(NewsUSA) – Every pregnant woman in the world should know the name Marianne Cummins.Fifty years ago, in May 1968, the then-29-year-old Teaneck, New Jersey, homemaker was expecting her third child when she became the first person to receive an injection of a new medicine called RhoGAM, developed to help prevent a condition that in the U.S. alone was leading to the deaths of about 10,000 newborns annually and brain damage in others."That one injection had a tremendous impact on my family," Cummins recently recalled.Cummins, you see, has Rh-negative blood, a trait shared by 15 percent of the U.S. population.But the fetus inside her was Rh-positive – as were her two children at home.To understand how terrifying that incompatibility was in those pre-RhoGAM days, a bit of Biology 101 is in order. During any pregnancy, it’s normal for some of the baby’s blood to enter the mother’s blood stream, usually at delivery. However, when Rh-positive fetal red blood cells cross into an Rh-negative mother’s circulation, her body reacts like it’s fighting off an invading virus, producing antibodies that can attack the baby’s blood cells. This immune system response is called "Rh sensitization."The first child is typically unaffected since manufacturing those antibodies takes time. However, any Rh-positive baby after that – and, remember, this was Cummins’ third pregnancy -represents a dangerous gamble; Rh sensitization sometimes leads to hemolytic disease of the fetus and newborn (HDFN), a deadly condition.RhoGAM, as it does to this day, prevented that sensitization from happening."I still marvel at RhoGAM’s impact," John Gorman, MD, a co-creator of the medicine and former director of the blood bank at New York Presbyterian/Columbia University Medical Center, has said.In fact, with approval by the Food and Drug Administration (FDA) in hand, the drug’s use became standard medical practice for every pregnant Rh-negative woman here and in Europe and Canada, resulting in HDFN’s virtual eradication there. But in many poorer countries lacking the same protocols? Even now, the situation remains what many call so "dire" that an estimated 14 percent of affected fetuses are stillborn and a full 50 percent of live births end in death or brain injury, according to a scientific paper published in 2010 by leading medical experts.That’s why in February 2018, as part of the celebration of the 50th anniversary of the FDA’s approval, Kedrion Biopharma, which makes RhoGAM, and Columbia University Irving Medical Center, which developed it, hosted a panel discussion to map strategies for getting the medicine to the rest of the world."The view ahead should be bright for all women, their partners, and their families around the globe," declared Paolo Marcucci, chief executive officer at Kedrion Biopharma.In addition, a series of upcoming events throughout the year will encourage Rh-negative women to donate blood plasma to be used in the ongoing manufacture of RhoGAM by Kedrion BiopharmaImportant Safety Information RhoGAM should NOT be used if you are Rh-positive.Be sure to tell your healthcare provider about all your medical conditions, including:* If you have known severe allergic reactions or a severe response to human immune globulin.* If you have experienced a serious reaction to other medicines that contain immune globulin.* If you have an immunoglobulin A (IgA) deficiency. RhoGAM contain a small quantity of IgA and there is a potential risk of an allergic reaction in IgA-deficient individuals. Ask your healthcare provider if you are not sure.* Your recent history of vaccinations. Certain types of vaccines (ones containing a live virus) may not work as well for you if you are also receiving immune globulin products, like RhoGAM. The antibodies in RhoGAM may prevent the vaccine from working. Before you get a vaccine, tell your healthcare provider that you have received RhoGAM.RhoGAM is made from human blood and therefore, carries a risk of transmitting infectious agents, such as viruses, the agent of the variant Creutzfeldt-Jakob disease (vCJD), or unknown infectious agents. You should consult with your healthcare provider if you have any questions or concerns.Reactions to RhoGAM that affect the entire body are extremely rare. However allergic responses to RhoGAM may occur. You should be observed for at least 20 minutes after administration for early signs of an allergic reaction. Signs and symptoms of an allergic reaction include itchy rash (hives), tightness of the chest, wheezing, low blood pressure and anaphylaxis (which may also include throat or tongue swelling, shortness of breath, vomiting, hives and/or lightheadedness).The most common side effects of RhoGAM are swelling, hardening, redness, and mild pain at the site of the injection. A small number of patients have noted a slight fever.Your healthcare provider should provide you with a completed Patient Identification Card for you to retain and present to other healthcare providers.You are encouraged to report adverse events of prescription drugs to the FDA.Visit or call 1-800-FDA-1088.Click here for the RhoGAM Full Prescribing Information.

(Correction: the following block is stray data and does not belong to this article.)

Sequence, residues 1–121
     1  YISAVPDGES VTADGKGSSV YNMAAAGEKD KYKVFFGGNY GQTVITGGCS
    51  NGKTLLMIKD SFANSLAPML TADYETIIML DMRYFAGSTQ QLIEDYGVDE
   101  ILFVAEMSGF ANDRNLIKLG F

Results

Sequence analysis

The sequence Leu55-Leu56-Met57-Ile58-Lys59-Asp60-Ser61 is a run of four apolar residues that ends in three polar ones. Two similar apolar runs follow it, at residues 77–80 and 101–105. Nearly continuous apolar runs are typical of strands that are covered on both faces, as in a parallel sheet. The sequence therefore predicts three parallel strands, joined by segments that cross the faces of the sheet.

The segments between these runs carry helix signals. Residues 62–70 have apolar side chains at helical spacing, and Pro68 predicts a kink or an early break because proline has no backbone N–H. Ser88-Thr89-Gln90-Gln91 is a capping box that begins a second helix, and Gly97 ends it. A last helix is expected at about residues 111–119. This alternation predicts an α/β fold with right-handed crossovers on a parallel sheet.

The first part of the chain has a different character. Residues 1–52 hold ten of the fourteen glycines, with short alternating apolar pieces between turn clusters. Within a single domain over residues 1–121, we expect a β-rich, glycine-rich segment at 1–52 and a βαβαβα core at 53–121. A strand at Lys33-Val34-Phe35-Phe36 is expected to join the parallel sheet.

Cancer Research Focuses on Growing Tumor Cells Outside the Human Body